I like Glenn Beck. I think he is a smart guy who has been through a lot in his life, much of it by his own hand. He has found a faith that I don't share--I mean, I'm not Mormon. I am a Christian, so I think I understand the depths of his love of God. And we both look to the Bible for our guidance and understanding. (Okay, I could digress a lot here but I'm going to focus on the rally.) I also think Glenn is over the top quite frequently, and I think he knows it too. He believes that a huge portion of the population is blind or sleeping, and this is his way of grabbing us by the lapels and shaking us.
I think he's wrong some of the time. I think he goes too far on plenty of occasions. And I'm pretty sure he'd agree with me on all of this. But most emphatically I don't look to Glenn for a messiah figure, or even a Moses figure. I don't look to him to form my worldview, and I don't do things just because "Glenn says."
So, when this guy I listen to on the radio says "Come to D.C." I didn't jump. But I thought about it and prayed about it for a while. Last Sunday, six days before the rally, we bought our plane tickets and got our hotel reservation. Here's why:
- I was curious. Glenn had played this one close to the vest, not really saying what this would be. I wanted to see it.
- I wanted to be a part of a message of concern and encouragement. The country feels unhealthy right now. I don't mean Washington. I'm talking about the culture. Sometimes it feels like my friends and I are the weird ones, the ones who believe in traditional marriage, who think that everything that feels good isn't necessarily good for us. The ones who want to take care of our neighbors because that's what people do. This small group...we're not the only ones, are we?
- I wanted to be heard. This is the same reason we went to the national Tea Party on 9/12 of last year. The actions our government is taking, like universal health care and the refusal to prosecute the Black Panther voter intimidation case, feel foreign, deeply un-American, to me. So that was a political motivation for me.
- I feel afraid of the path our country is on. I was looking for comfort and reassurance. I got that by the ton at the Tea Party last year, and I wanted to go back to the well for more. Political? Kind of. More cultural--like, I am not the only one who thinks we're driving off a cliff.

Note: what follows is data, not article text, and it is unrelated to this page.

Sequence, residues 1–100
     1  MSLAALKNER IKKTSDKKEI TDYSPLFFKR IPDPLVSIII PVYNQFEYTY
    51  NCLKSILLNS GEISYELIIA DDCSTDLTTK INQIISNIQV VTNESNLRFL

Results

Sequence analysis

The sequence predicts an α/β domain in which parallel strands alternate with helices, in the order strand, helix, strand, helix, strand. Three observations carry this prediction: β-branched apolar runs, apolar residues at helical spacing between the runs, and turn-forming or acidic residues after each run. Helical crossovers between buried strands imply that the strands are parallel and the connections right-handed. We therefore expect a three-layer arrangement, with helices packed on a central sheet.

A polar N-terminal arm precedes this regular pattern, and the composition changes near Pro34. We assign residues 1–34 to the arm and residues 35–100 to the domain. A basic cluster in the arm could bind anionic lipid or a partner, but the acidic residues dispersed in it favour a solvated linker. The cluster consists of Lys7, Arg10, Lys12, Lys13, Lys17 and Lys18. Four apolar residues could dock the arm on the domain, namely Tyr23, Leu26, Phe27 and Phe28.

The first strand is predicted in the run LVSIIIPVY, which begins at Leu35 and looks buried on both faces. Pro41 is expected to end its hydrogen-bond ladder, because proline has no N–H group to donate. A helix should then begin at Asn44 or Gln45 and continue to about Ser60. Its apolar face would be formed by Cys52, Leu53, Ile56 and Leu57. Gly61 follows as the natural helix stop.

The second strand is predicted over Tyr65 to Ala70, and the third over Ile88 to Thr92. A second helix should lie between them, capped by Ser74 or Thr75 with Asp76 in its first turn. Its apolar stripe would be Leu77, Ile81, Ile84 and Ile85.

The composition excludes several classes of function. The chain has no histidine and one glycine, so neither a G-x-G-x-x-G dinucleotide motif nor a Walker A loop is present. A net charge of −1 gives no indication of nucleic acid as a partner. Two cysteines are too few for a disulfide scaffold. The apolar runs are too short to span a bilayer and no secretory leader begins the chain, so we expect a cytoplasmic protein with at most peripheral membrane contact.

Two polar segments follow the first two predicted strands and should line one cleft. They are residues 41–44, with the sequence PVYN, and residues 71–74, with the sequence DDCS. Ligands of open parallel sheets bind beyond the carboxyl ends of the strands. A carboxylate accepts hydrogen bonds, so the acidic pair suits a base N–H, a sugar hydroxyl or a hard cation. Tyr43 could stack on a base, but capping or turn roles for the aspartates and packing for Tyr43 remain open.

- I didn't want to miss out. I thought--what if something really wonderful comes out of this? I want to say "I was there when..." and not "Wow, I wish I'd been there."
So we went. We met people from all over the country who had gathered. It was what I expected and nothing I expected. My DH and I left feeling challenged, with plenty of ideas to mull for a while.
Two more things to say: first, it was emphatically NOT political. Plenty of lefties will say that's not true, but I listened with ears ready to catch anything. I heard something approaching politics twice: first, a reference by Sarah Palin to a phrase that is used by the Obama administration. Frankly right now I can't remember it, but I remember thinking "Oh, there it is" when she said it. Second, there was only one reference to Islam, in mentioning "Churches and temples, synagogues and mosques" toward the end. There were no imams in sight and no reference to needing to respect Islam. I have my thoughts on that subject so I actually had no problem with this lack of "inclusiveness."
Second, it felt healthy to hear public readings of the Bible and "American Scripture," the Declaration of Independence and the writings of the Founding Fathers and other Patriots. I remember hearing the Gettysburg Address last year, on 9/11, and crying buckets because it spoke to our battle now. Glenn read it out loud at the Rally, and it was moving there, too. Try to find a recording of it and listen with ears to what it says NOW. I believe Lincoln was touched by God when he wrote that. The Bible readings were about restoring, rebuilding, and were mostly Old Testament. They were an encouragement.
I hope I've shared a little of our motivation for attending the rally. Was I satisfied with it? Well, I've certainly got a lot to think about.